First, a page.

Gold bullion prices have increased and gained some attention lately. And, at this point, I don’t think I need to convince you that gold bullion prices are going higher from here. There is enough evidence of that; central banks are buying gold bullion to add to their foreign exchange reserves, there are chances of more quantitative easing by the Federal Reserve and currency devaluation. (See: “China to Become World’s Biggest Buyer of Gold in 2012.”)
There was an excellent story recently in Toronto’s Globe & Mail (August 21, 2012) about a ticket inspector in Rome who was planning to sell his gold teeth to raise money to pay his debts.
Italy, eurozone’s third largest economy, has been in recession for more than a year now and life has just gotten worse for its people. There are about 28,000 cash-for-gold outlets in Italy and business is booming. More and more people are selling gold bullion and jewelry that they have accumulated to pay for their expenses and debts—gold bullion can help you pay for your bills when you have nothing left.
Lisbon, the capital of Portugal and one of the main economic hubs in eurozone, is facing a situation similar to Italy’s. The cash-for-gold shops have increased in number and people are selling their gold at an incredible rate. Why? Because people are running out of money and falling back into the safety net of gold bullion.
In Portugal, there was an increase of 29% in cash-for-gold shops in 2011 and, on average, two new stores were opened every day. (Source: Bloomberg, August 16, 2012).
The recent spree of citizens selling gold bullion in the eurozone countries is a true example of gold bullion as a store of value. Government bailouts and fiat currency sound great, but when times are uncertain, people turn toward gold bullion as a true currency to exchange with.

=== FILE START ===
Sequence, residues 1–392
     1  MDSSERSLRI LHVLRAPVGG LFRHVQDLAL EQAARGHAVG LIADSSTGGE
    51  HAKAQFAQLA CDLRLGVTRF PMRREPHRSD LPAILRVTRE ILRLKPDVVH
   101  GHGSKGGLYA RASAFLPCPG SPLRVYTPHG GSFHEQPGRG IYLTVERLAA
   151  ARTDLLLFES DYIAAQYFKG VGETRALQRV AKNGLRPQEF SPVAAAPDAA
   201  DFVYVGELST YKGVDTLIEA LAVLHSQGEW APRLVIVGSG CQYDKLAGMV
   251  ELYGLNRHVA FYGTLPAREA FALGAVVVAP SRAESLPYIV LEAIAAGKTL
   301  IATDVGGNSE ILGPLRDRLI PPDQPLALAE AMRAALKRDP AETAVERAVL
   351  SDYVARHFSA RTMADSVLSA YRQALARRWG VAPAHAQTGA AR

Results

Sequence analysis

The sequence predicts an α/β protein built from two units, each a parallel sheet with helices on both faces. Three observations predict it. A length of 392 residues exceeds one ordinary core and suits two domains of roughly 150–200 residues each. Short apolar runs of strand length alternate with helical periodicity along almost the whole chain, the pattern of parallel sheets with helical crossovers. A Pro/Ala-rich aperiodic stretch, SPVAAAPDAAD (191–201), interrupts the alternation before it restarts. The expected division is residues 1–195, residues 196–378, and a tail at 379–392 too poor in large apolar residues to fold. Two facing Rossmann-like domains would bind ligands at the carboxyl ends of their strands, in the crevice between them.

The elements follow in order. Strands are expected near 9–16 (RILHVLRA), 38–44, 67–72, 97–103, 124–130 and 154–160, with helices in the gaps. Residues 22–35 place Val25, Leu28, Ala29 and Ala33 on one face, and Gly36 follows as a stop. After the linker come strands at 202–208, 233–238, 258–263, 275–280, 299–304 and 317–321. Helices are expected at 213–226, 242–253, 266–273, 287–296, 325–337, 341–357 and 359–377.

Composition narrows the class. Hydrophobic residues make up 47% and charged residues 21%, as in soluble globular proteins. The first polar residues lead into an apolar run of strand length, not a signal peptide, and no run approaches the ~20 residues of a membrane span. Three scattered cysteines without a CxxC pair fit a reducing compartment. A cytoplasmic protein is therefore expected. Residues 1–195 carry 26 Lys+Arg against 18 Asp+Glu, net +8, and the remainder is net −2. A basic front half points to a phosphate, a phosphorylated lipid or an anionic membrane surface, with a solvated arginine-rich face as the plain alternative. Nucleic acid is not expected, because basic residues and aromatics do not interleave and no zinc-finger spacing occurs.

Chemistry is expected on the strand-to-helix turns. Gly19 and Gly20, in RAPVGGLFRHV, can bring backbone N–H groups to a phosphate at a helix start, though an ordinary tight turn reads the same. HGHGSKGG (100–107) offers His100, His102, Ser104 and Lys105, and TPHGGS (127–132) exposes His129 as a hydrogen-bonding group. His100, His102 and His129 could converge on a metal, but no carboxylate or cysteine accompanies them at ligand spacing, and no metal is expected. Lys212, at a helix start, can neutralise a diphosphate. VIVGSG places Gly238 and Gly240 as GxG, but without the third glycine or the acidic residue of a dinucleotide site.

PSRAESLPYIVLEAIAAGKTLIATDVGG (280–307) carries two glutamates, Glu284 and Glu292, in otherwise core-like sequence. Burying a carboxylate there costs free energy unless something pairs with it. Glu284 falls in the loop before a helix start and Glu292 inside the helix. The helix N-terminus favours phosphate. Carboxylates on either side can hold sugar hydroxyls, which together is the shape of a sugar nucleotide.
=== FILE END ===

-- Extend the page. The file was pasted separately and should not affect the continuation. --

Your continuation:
Don’t think this can never happen in U.S.! Eurozone economies are in trouble, because they had too much debt and high unemployment. Sadly, the U.S government is on the same path as the eurozone countries. There is everlasting evidence that there will be more debt in America, that consumers will have less money to spend, and that the value of the U.S. dollar will fall.
Where the Market Stands; Where it’s Headed:
The Dow Jones Industrial Average gained a paltry six-tenths of a percent (0.6%) in August. It was an uneventful month for stocks, but the market is still up 6.7% for 2012.
Where exactly are we with the stock market? Corporate revenue growth could turn negative in the current quarter of 2012. (See: “Negative Revenue Growth for S&P 500 Companies Signals Recession.”) Economic growth worldwide is stalling and in some cases contracting. The stock market is being held up on the hope that the Federal Reserve will expand the money supply again (QE3).
The chances of a major market meltdown increases each passing day.
What He Said:
“I personally expect the next couple of years to be terrible for U.S. housing sales, foreclosures, and the construction market. These events will dampen the U.S economic picture significantly in the months ahead, leading to the recession I am predicting for the U.S. economy later this year.” Michael Lombardi in Profit Confidential, August 23, 2007. Michael was one of the first to predict a U.S. recession, long before Wall Street analysts and economists even thought it a possibility.